VANCOUVER – An Alberta-based whisky distributor says “archaic” liquor policies in British Columbia are limiting the range of products consumers can access.Robert Carpenter with the Scotch Malt Whisky Society says B.C. bars have long skirted rules that prevent them from buying unique products at private liquor stores that aren’t carried at government stores.He says forcing bars to only buy from the provincial government’s distribution channels doesn’t make sense because the province still regulates and taxes booze through private stores.His comments follow the seizure of his whisky products at four B.C. bars last week, and Carpenter says B.C.’s Liquor Control and Licensing Branch has yet to inform the bar owners of the exact rationale for the seizure.The Ministry of the Attorney General says in a statement that the branch does not release information about specific licensees.It says the government has appointed a liquor policy advisor to meet with stakeholders to advise the province on future liquor policies.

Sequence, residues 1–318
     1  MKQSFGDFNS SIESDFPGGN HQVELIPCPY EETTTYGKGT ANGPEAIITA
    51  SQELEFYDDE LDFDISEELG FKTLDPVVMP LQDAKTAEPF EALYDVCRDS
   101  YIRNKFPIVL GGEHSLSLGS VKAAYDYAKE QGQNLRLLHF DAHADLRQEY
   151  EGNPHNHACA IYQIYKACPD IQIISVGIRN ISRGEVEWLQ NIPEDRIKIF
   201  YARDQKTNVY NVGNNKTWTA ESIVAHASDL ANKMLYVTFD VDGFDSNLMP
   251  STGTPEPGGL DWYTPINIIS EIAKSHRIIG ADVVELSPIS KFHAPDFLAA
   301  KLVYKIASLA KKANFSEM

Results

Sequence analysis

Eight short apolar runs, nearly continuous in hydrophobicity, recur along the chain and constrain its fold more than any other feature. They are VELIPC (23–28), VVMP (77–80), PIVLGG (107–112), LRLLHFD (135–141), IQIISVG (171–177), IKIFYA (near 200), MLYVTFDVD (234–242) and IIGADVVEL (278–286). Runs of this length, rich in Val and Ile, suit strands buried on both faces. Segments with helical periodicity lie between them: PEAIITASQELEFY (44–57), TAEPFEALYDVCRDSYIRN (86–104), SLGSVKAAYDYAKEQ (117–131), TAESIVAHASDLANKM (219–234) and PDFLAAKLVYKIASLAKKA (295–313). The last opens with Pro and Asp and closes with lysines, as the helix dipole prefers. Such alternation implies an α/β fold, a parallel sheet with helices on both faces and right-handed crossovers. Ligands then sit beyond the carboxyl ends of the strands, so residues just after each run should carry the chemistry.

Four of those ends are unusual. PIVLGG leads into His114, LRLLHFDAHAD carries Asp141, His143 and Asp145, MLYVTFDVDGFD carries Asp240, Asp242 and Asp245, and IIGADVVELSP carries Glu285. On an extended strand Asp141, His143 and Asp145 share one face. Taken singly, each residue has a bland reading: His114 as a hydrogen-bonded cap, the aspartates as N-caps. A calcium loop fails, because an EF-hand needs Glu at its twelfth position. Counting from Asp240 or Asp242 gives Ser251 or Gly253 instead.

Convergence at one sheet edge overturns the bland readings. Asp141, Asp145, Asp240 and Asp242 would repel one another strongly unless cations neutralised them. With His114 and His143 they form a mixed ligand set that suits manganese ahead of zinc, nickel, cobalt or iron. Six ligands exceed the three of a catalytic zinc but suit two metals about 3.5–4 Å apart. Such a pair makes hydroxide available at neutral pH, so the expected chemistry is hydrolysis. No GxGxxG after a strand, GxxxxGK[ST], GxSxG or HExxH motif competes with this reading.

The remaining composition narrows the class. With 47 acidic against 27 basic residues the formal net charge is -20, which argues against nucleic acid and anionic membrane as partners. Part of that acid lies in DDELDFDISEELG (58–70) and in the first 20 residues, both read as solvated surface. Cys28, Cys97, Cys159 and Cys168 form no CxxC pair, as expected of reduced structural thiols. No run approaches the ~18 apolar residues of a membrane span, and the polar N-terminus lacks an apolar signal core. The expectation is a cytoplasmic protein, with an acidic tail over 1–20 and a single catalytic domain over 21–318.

VANCOUVER – The head of the B.C. Civil Liberties Association says the group is ready to take on the federal government in a dispute over fixing a law that violates the rights of inmates in solitary confinement.“Frankly, it’s offensive that the government is requiring us to continue this fight to the (B.C.) Court of Appeal and potentially to the Supreme Court (of Canada) when they were elected on a promise to fix this,” Josh Paterson said.He announced Tuesday that the association and the John Howard Society of Canada have filed a response to the government’s appeal of a court ruling that calls on the government to strike down a law on indefinite segregation because it causes permanent psychological harm and can lead to suicide.“If they’re going to fight it, well, we’ll fight it,” Paterson said.B.C. Supreme Court Justice Peter Leask issued his decision in January but suspended it for 12 months to give the government enough time to draft new legislation with strict time limits on confinement that can include 23-hours-a-day isolation.The government appealed the decision in February, saying it needs clarity on the issue from the courts.“They’re doing no such thing,” Paterson said. “Their appeal is an attack on the very finding that Canada’s law on solitary confinement is unconstitutional. They’re arguing to the B.C. Court of Appeal that the court should treat the systemic mistreatment of prisoners in solitary confinement as individual incidents that require no change in the law.”Paterson said the lower court judge accepted ample evidence from inquiries over decades that the law needs to be changed in a meaningful way to protect the rights of inmates, especially those who are Indigenous or mentally ill.“All of their institutional tweaking has not resulted in fixing this problem and that’s why this court in B.C. said, ‘Enough. The law that permits all of this to take place must be changed.’ “Last June, in an effort to stop the trial, the government introduced a bill that would restrict solitary confinement to 21 days, dropping to 15 days after 18 months from the bill’s passage.However, the two groups rejected the change, saying a warden would still have the final say and cases such as the 2007 in-custody death of New Brunswick teen Ashley Smith, who spent more than 1,000 days in segregation, could still happen. The judge rejected the government’s argument.The bill restricting solitary confinement has not passed through Parliament.The two groups launched a legal challenge of so-called administrative segregation in 2015, calling it a cruel and inhumane punishment that can lead isolated prisoners to harm and even kill themselves.A nine-week trial heard from multiple witnesses including former inmates who continue to experience mental health issues after being released and from a father whose 37-year-old son resorted to suicide.Robert Roy testified Christopher Roy was immediately placed in a segregation cell after arriving at Matsqui Institution, a medium-security facility in Abbotsford, and hanged himself two months later, in June 2015.Roy said he learned from Correctional Service Canada documents obtained through a freedom of information request that his son was placed in isolation because there was nowhere else to put him.“I believe my son was not in a healthy state of mind at that point,” he told the trial.Jay Aubrey, a lawyer for the B.C. Civil Liberties Association, said Tuesday that Correctional Service Canada uses multiple reasons, including punishment and safety of prisoners, to justify solitary confinement but it lacks adequate ways to assess people who are suffering from a mental illness.“Christopher (Roy) was given their intro mental-illness checklist,” she said. “He passed that then killed himself by strangulation.”— Follow @CamilleBains1 on Twitter